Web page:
a little bit about the process of paintig Lao Tzu... the process in general

April 16, 2013  •  472 Comments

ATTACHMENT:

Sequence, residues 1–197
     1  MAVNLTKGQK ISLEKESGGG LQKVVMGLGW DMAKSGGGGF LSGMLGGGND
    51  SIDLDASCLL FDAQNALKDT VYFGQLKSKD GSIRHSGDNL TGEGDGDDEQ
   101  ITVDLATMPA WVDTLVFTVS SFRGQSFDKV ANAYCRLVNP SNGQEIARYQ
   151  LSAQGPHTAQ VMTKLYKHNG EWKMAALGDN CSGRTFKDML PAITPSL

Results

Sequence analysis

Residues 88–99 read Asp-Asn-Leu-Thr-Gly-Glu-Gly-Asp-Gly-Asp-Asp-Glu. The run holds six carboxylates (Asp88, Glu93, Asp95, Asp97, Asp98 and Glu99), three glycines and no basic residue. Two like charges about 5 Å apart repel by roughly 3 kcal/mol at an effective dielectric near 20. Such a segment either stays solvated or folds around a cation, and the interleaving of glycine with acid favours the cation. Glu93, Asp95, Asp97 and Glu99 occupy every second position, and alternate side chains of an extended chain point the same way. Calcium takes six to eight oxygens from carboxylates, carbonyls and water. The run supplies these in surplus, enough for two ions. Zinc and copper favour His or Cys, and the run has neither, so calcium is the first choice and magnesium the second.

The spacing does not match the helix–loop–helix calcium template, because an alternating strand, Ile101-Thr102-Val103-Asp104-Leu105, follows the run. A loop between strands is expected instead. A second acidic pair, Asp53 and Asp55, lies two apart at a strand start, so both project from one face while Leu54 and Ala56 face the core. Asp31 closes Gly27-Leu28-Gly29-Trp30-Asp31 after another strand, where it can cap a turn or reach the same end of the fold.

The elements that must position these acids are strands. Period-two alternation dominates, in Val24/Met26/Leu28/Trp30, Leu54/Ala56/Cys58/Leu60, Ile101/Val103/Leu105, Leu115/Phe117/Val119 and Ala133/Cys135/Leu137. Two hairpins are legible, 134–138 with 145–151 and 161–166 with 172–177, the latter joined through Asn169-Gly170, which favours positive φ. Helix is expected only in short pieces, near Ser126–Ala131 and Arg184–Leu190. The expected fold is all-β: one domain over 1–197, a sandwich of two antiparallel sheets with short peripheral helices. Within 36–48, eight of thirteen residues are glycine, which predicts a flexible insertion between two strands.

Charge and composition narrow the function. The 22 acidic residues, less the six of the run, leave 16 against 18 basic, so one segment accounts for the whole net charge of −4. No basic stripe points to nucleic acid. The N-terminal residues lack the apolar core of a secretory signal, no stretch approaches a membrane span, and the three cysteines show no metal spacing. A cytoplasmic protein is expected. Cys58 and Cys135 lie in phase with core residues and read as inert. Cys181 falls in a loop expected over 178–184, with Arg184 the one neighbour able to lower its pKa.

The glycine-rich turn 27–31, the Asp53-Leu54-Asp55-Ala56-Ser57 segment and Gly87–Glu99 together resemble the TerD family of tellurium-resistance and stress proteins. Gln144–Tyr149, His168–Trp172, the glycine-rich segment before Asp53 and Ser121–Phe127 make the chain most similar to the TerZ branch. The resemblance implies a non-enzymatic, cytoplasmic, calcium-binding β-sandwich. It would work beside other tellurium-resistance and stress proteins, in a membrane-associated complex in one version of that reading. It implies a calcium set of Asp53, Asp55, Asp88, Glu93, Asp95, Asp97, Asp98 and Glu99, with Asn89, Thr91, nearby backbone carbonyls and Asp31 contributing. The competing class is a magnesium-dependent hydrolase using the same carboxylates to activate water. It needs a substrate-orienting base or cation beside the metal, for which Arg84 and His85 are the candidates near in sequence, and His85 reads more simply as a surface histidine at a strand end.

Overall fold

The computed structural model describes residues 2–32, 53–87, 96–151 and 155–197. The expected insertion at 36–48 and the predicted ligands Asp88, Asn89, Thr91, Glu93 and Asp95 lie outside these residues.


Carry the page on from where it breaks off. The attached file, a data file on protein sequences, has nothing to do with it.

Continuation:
the process is one of integration so as to live wholly, with exploration and discovery. The  art made made as the result of it is the reflection of it, made visual so as to express/share with others. Though I have been drawing pictures before I learned to write the alphabet, it was in adulthood that I would come to have intention in art, after I had defined it for myself. This occurred organically as the result of being a typical individual drowning in the suffering of their neuroses, and fortunate for myself turning to that innate practice of drawing that came naturally to me. In this way art would be defined as a practice as to go within, and express without (outwardly). This has been the integrity of the practice, and I have held my ground at all costs to not compromise it. Though admittingly in a culture of of constant temptation and manipulation to which we are all vulnerable to, I have had my moments of confusion and doubt. And so to make the transition from such a practice into a career is one of creative mystery. But such is the essence of art itself, and I admire anyone that attempts to walk down such a path. To create a system of his/her own, as opposed to living within one created by another. Ultimately, to take responsibility for one's existence. Digressing back to the process, my recent piece is of homage to Lao Tzu. He is remembered for writing 'The Tao te Ching', which is a magnitude of wisdom that expresses the ineffable beautifully. The ineffable being the source of life and living, and how to live truly accordance with it harmoniously. What is described in buddhism as enlightenment, living in the true reality of the world as the result of knowing the true nature of the mind… liberated, free from suffering. I love how Lao Tzu uses nature as the resource to learn, and express poetically from. So this became the starting point from which to begin the homage, the process of making the piece. I would go into the mountains of Big Sur California with friends Chris and Claire, packing minimally having only clothes, sleeping bag, and food. We would hike a total of 20+ miles in a few days, resting in a natural hot spring, swimming in the river stream, eating vegetation on the trail, studying geckoes and snakes. All of this would lead to the reflection of harmony. How in nature all work inter-dependently and how even when humans come inhabit it though briefly, they are transformed into this pool of harmony. Every hiker we came across greeted us, and us them. At the heart of being human, is to be happy. It is what we all want. It is the motivation for much of our actions, for living itself. But how in our ignorance we become lost, confused and only bring ourselves suffering. So again in the process of this piece for example, to achieve/experience happiness requires one of harmony as well. I could easily google an image of Lao Tzu, go thru a painting exercise with a movie on in the background, paint feverishly till its done, frame it, put it in a show, and finally experience happiness if it sales.  This seems typical, but this is the reflection of a typical quality in this culture. Avoidance of the experience of nowness. And paradoxically if one care for the result of the expression itself (the painting), the deeper the experience of the process the richer the result. I see art uncompromisingly refelctive of the creator in this way. If the artists concern is money, it will show. If he/she is obsessed with the opinion of the viewer, it will show. If the artists believes authentically in a god, it will show. I've always felt there is a difference between the person that climbs mount everest and then sits in the studio and paints an apple, as opposed to another that never leaves the studio and paints the same apple. A lot of this reflection comes back to how to  live. Not to live in quiet desperation, but to live truly. And in art, there is the opportunity to contexualize such ideas. When I was doing the writing for the piece, I found myself in the middle of a battle between inner critic and inner child. The pen was not working well after I had written much text, and I began to become frustrated. Trying to control the situation, not willing to use another medium to write. I let go, and would use color pencil and other pens that didn't match the original. The frustration had left. I even misplaced an entire sentence, the critic came, and the child crossed out the sentence simply starting over. Harmony began, and the words would write themselves. I was once obsessively concerned with the result of any piece, but have allowed myself to let go more. This isn't a practice of trading quality for sloppiness, rather it becomes a practice of accepting myself truly, having faith in my own being and allowing it to come out. And in doing so, it is like a child seeing the ocean for the first time and the process is one to play in. And again, the result is that much richer in the documentation of this play, not perfection. Right after finishing, I would have the piece photographed by Don at Almac in the city. I love Don, but he never expresses any real insight to the art. He photographs everyones work in the city, and the most I've ever heard him say is "wow". So when he saw 'Lao Tzu', he said 'you know what that looks like… (long pause).. his head looks like the universe. (him smiling) I like how you did that'. I mention this, for the beauty of the universe as a metaphor as the miracle of life was one of the aspects that I thought/wrote in the text. And so from beginning when the inspiration to create occurred, to the end when it was finished and photographed was there a complete experience. One in which harmony was allowed to exist, and one in which was an experience of life itself in its richness resulting in the uplifting of my well being.  Our lives can be so much more of what we make of it, simply with a certain understanding. "The Tao te Ching" holds the knowledge for such an understanding. My hope in any of this, is that the viewer will experience such fulfillment, such uplifting that is always available to all of us. Thank you. "Homage to Lao Tzu", 12"x16", watersoluble oil on wood, 2013